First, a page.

Wednesday, May 9, 2007 6:31 AM
  • I've architected two systems that take flat files in various formats as input, transformed them into XML for further processing using (as Michael Nemtsev said earlier) XSLT. For one solution that required to handle extreme volumes of input in the form of pension prolongations, we wrote a custom parser, validation, message enricher and transformation pipeline tied together through a workflow engine. Technology choices where .NET/C# and Windows Workflow Foundation which turned out great.

    For the other system we had very different requirements. No high volumes and more emphasis on manageability and process transparency. For this scenario we used BizTalk 2004 to parse, validate, transform and route flat file input. Microsoft has published numerous articles explaining how to build this kind of solution with BizTalk 2004. I'd advise you to look at BizTalk 2006 since it features enhanced support for handling flat files (see this article explaining the flat file wizard).

    I'm sorry I can't provide you with a canned solution to your problem without diving deep into the requirements. My goal with this information is to give you some direction what to look for.
    Wednesday, May 9, 2007 9:10 PM
  • Yep, as Paul notes, the BizTalk incapsulates the first scenario (with XSLT), providing number of adapters/service container (the principles were desribed above) for different formats, wich can be configurated easily using WYSIWYG editor.

    The only problem that BizTalk is fat middleware with number of features, and if you only need small services to convert files the BizTalk may be not good solution

     

    everything depends on requirements

    Wednesday, May 9, 2007 9:25 PM
  • Thank you guys for all the valuable information and the pointers.

     

    If you talk about the volume of the data, around  one lakh i.e. 100 thousand records comes in and each record has 50 fields. frequency is once everymonth. it is important to validate and publish the errors upfront.

    Thursday, May 10, 2007 5:10 AM
  • What is the window for processing these messages preferably a breakdown to n/sec numbers.
    Thursday, May 10, 2007 5:34 AM
  •  

    guess i am not getting your question.

    It's  not a online system, processing can be done offline. All the datafiles can be received in a batch and can be processed later batchwise.

    Thursday, May 10, 2007 9:13 AM
  • Perfect scenario for a BizTalk based solution.
    Thursday, May 10, 2007 10:28 AM
  • Alternatively, you can also take a look at SSIS(SQL Server Integration Services). It might suit your needs.
    Thursday, May 10, 2007 9:43 PM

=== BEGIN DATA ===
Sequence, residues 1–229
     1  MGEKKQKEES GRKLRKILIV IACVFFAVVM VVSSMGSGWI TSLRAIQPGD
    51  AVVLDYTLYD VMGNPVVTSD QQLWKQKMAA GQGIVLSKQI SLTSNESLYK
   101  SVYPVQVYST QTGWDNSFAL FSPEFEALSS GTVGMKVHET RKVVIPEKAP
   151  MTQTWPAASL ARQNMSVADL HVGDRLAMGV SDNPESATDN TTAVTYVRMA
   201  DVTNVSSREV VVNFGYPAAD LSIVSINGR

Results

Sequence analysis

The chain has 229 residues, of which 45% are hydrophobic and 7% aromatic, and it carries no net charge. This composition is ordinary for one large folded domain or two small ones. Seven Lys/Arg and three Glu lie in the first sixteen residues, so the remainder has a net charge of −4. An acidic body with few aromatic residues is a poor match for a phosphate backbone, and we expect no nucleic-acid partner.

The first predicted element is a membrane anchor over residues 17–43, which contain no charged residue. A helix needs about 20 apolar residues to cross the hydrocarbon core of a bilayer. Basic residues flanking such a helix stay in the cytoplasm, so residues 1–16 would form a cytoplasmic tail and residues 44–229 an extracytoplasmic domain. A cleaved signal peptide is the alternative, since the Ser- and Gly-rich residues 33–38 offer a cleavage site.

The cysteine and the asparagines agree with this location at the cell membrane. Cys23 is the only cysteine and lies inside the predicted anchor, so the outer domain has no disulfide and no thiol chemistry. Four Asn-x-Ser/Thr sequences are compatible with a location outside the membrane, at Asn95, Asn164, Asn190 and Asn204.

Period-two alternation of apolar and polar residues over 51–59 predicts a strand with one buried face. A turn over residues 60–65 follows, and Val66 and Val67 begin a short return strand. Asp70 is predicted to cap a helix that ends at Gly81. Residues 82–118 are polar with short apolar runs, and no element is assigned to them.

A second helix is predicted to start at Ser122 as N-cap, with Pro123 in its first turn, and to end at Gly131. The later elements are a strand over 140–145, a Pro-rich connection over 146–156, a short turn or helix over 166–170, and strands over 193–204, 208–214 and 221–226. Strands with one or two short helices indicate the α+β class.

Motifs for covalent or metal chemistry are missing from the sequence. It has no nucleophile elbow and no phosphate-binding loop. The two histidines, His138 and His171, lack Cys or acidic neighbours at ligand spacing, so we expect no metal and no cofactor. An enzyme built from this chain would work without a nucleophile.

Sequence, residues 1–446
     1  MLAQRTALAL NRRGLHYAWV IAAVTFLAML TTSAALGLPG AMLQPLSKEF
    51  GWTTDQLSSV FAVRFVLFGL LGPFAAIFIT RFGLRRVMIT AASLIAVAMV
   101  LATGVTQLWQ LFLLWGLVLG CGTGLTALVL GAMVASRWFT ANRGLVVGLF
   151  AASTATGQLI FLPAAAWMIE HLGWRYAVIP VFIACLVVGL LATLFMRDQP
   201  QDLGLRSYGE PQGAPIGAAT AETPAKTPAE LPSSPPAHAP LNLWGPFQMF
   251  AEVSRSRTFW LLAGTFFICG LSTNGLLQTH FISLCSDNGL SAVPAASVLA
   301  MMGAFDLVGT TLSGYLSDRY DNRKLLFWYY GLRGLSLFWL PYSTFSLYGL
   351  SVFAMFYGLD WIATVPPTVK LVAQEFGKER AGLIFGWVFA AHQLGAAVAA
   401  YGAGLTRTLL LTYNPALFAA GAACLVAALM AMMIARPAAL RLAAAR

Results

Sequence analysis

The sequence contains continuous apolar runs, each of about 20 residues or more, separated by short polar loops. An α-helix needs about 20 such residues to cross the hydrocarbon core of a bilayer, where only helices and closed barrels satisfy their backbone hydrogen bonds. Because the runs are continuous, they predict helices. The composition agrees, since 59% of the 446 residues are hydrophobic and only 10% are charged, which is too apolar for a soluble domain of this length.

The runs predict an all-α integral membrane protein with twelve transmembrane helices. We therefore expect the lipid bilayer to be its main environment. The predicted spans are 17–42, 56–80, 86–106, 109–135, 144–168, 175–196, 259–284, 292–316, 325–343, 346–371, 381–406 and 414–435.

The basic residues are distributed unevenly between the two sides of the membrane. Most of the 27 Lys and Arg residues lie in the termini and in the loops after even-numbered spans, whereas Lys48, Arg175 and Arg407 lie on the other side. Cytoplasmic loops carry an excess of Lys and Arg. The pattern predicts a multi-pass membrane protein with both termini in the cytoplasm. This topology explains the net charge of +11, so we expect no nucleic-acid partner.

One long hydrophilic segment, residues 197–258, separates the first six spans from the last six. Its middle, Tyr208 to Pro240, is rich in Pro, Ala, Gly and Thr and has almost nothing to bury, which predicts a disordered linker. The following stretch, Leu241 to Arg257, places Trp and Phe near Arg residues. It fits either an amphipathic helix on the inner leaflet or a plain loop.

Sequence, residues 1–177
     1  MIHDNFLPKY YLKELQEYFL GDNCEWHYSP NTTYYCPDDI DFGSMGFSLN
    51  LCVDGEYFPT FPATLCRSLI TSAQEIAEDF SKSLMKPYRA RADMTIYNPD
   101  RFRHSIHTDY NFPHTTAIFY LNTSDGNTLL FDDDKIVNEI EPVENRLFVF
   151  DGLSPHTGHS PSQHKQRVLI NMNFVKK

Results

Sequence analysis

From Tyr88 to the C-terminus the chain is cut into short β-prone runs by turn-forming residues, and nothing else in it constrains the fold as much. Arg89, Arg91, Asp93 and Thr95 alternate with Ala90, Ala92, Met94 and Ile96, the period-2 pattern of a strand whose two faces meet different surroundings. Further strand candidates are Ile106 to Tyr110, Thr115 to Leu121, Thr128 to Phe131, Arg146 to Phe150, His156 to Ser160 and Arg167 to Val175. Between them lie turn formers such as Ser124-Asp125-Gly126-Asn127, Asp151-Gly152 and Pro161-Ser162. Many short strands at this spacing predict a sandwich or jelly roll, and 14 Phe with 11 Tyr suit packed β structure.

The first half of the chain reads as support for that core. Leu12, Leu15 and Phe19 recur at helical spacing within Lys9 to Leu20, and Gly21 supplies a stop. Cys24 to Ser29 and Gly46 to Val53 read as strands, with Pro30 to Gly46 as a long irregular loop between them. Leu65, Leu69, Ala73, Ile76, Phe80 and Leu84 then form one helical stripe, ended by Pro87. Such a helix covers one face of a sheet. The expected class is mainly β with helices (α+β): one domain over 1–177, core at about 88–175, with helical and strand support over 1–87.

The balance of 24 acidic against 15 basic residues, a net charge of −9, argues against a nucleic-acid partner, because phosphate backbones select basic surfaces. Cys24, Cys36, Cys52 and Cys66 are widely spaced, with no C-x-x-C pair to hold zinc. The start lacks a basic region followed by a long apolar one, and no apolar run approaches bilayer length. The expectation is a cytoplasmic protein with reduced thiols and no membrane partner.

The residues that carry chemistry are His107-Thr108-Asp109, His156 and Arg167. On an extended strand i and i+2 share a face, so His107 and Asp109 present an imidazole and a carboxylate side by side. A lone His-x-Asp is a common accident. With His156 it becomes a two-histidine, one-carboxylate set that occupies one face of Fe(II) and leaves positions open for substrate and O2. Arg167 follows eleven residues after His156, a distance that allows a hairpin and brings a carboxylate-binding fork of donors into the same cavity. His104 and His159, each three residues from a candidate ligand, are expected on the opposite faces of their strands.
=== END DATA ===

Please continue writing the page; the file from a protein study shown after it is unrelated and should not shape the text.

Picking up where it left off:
• Hadn't thought of this. For the earlier mentioned projects SSIS wasn't available at that time.

    SSIS makes it possible to load a SQL Server database from flat files and is optimized for bulk data loading. See these interesting customer case studies.

    There's an interesting aspect to the architecture when taking the SSIS direction. In your initial post you also mentioned the need for a calc engine and to display reports. Also consider an SQL Server Reporting Services implementation for these two components. In the book "The Microsoft Data Warehouse Toolkit" which gives a nice overview of the mentioned SQL Server 2005 products. Don't fall into the trap of building a full blown business intelligence platform without making absolutely sure that is what your business needs.

    I cannot stress enough that choosing the appropriate solution/direction depend entirely on your requirements and governance within your company.
    Friday, May 11, 2007 7:36 AM
  • Cheers!

     

    I've read all the responses and I am pleased to see professionals here.

    Nonetheless, I've seen every attempt to break SOA rules, as well as many attempts to breal the laws of ADL (Architecture Definition Language) on a level of a plumber.

     

    First of all, nsgashis...
      You've stated "The system runs on the assuption that the input data is correct."

    That was a sacramental sentence that had initially put you into the bounderies of a schema. Meaning that that was an agreement between a source and a target for understanding. [Sorry, as a true architect I mostly speak in a pure abstraction.]

    There can be no way around other than a common set of metadata.

     

     It is YOUR responsibility as an architect to protect your application from a failure, and however you have to define YOUR way for implementers to intercept an erroneous data. Meaning that you have to reconsider your application as a larger transaction and other processes within as nested/internal transactions, for which exception-handling should be done in uniform approach regardless whether a failure was on a macro- or a micro- level.

     

    ....sorry gotta go now...

     

    These are 4 canonical principles of SOA:

    - service boundaries are explicit

    - servivces are autonomous with specific functions of their own

    - presence and sharing of metadata and schemas/messages

    - compatibility policy (services use policies, such as publish-and-subsribe, plug-and-play, etc...)

     

    Adios, cheers, regards, etc...

     

     

     

    Saturday, May 12, 2007 6:34 AM
  • Thanks you guys for all the information exchange.

     

    Importing data was one of the components of my application.

     

    i have investigated DTS and made a DTS modeling for my requirements. and used the DTS object model.

     

    BizTalk server also provides the same facility even more, but there were various constraints & parameters in choosing the solution for this project.

     

    i choose DTS.

     

    thanks you all once again.

     

     

    Friday, June 29, 2007 7:25 AM